Technology has a crucial impact on the advancements in architecture, from the invention of the wheel and lever to the introduction of mechanized equipment, computer-aided design, and 3D printing. In 2016 and beyond, here are a few of the cutting-edge technologies including materials that architects will likely use more in their projects.
Structural 3D Printing
Welcome to the 21st century when 3D printing can be used for the construction of bridges, among other possible structures! While it may initially sound too space age, so to speak, the technology is actually being used in the construction of a bridge in Amsterdam.
Joris Laarman, a Dutch designer, is at work on his MX3D Bridge touted as the world’s first 3D-printed bridge. The steel structure will be constructed with the use of MX3D’s multi-axis metal-printing technology with its advanced industrial robots, which are fitted with welding machines. Basically, the industrial robots print lines of metal starting from an anchored surface and continuing in mid-air until the structure is completed; the process involves the incremental fusing of short-length molten metal, waiting for them to cool down, and adding more metal.
Laarman, who’s collaborating with Autodesk and Heijmans, has designed the pedestrian bridge to span the Oudezijds Achterburgwal canal. While the bridge could have been constructed on site, it was deemed impractical for several reasons, thus, the warehouse-based assembly.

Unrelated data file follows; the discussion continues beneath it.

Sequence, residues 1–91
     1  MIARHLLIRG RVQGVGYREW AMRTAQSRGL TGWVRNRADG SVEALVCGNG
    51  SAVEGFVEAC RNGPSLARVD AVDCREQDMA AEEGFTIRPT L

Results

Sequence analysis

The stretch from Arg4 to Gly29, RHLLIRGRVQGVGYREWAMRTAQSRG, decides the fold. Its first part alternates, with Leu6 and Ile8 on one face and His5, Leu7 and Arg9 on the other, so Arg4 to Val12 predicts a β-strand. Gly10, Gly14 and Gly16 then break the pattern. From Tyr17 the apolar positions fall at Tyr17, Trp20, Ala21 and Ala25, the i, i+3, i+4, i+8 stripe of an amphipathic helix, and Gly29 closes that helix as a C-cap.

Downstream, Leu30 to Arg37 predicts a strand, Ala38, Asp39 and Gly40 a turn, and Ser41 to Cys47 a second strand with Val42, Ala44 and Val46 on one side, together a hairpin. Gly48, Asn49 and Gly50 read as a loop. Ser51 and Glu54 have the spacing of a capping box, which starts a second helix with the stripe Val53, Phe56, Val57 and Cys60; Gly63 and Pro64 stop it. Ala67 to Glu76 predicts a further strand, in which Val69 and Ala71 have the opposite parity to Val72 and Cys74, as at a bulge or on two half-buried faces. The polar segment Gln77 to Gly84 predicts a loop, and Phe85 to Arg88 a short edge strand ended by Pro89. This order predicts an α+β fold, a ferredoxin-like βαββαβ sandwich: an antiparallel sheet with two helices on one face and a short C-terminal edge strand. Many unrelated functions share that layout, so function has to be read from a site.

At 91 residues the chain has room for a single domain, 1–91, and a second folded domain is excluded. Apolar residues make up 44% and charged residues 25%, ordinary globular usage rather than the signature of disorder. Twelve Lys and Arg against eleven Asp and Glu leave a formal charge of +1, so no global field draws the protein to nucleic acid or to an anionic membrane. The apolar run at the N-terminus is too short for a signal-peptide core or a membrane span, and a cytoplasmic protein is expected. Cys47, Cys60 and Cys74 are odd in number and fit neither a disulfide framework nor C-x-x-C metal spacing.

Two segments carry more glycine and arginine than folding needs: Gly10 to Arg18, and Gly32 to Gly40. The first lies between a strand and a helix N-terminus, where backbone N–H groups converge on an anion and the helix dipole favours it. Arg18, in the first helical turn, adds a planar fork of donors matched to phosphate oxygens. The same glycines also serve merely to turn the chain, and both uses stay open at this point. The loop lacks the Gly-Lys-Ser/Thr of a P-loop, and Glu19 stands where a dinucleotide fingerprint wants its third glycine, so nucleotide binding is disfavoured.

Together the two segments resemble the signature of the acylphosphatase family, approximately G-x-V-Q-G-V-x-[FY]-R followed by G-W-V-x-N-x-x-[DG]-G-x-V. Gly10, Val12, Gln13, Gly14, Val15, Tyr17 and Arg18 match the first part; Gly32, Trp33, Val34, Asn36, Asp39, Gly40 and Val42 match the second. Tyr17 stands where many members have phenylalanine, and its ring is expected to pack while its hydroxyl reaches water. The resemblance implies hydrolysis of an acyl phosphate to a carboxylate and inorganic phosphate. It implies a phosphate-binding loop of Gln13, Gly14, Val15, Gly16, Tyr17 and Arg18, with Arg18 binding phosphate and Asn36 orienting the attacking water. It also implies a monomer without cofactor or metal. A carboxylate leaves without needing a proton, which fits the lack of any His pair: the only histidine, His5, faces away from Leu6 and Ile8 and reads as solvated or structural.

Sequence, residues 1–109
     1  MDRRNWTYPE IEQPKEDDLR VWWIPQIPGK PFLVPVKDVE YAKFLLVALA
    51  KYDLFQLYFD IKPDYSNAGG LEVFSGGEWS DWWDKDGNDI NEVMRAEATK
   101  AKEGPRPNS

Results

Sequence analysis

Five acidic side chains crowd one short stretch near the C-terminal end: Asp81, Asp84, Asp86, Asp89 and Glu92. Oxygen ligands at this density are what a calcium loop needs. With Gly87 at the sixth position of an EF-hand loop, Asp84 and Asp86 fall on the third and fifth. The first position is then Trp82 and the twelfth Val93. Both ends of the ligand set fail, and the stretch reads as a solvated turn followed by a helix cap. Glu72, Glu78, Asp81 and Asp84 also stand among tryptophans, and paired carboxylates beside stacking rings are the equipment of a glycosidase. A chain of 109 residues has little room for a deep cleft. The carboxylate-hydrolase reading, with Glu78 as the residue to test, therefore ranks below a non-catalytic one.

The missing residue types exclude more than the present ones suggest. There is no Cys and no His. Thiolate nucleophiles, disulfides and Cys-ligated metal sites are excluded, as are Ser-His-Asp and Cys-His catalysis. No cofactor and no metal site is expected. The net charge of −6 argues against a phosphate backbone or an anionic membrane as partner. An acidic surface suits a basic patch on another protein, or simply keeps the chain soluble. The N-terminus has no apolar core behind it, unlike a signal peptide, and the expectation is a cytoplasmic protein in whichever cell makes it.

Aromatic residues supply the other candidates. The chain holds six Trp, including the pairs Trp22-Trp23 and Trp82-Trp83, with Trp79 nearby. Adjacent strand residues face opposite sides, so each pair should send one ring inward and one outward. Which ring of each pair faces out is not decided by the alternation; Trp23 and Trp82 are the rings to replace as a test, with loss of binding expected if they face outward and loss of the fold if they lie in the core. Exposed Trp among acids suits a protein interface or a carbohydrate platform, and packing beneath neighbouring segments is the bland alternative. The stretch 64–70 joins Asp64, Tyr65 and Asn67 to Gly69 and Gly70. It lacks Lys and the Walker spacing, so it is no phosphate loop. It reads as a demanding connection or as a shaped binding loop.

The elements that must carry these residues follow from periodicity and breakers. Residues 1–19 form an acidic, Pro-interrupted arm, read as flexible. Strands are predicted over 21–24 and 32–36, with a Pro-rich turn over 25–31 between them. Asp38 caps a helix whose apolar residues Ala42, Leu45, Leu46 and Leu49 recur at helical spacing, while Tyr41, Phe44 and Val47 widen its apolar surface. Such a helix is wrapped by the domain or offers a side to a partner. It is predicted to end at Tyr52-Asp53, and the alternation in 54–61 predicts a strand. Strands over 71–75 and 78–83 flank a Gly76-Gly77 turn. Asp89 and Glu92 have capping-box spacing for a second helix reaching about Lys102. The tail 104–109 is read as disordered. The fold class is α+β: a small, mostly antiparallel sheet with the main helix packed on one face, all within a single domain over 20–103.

Solar Activated Façade
While the Solar Activated Façade isn’t exactly a new technology per se – it was introduced in Switzerland 15 years ago under a different name, Lucido Solar AG, with original development by Giuseppe Fent – it is gaining traction in several countries abroad including the United States and Australia. Basically, it’s a cladding system combining beck-vented glazing and wood louvers that provide for R-values ranging from 65 to 150, a heat-sink functionality that makes it an appeal addition to the architecture industry.
As a thermal storage device suitable for colder climates, the Solar Activated Façade system has prefabricated panels ready for installation onsite through an aluminum cladding mounting system. It’s being used for its energy efficiency – the angled wood slats deflect sunlight in summer and invite radiant energy in winter into their interior cavities. The result: Diurnal winter heat can be stored during the night resulting in reduced heat loss from the interiors.
These are not your average plastics with toxic effects on the environment when improperly discarded. The newest bioplastics are biodegradable, biocompatible, and affordable as well as with the quality necessary for moulding into a wide range of 3D shapes.
Don Ingber and Javier Fernandez, scientists at the Harvard University’s Wyss Institute for Biologically Inspired Engineering, have found a new use for discarded shrimp shells – as bioplastics. Shrimp shells contain natural chitin, a remarkably tough and flexible insect cuticle, which can be transformed into thin films with the same composition and structure as their original form.
The result: A possible alternative to the fossil fuel-based non-biodegradable plastic clogging the Earth’s bodies of water and polluting its land. Commercial production is in the near horizon, too.
Watch out for other state-of-the-art materials that your architect may soon use in your building’s design!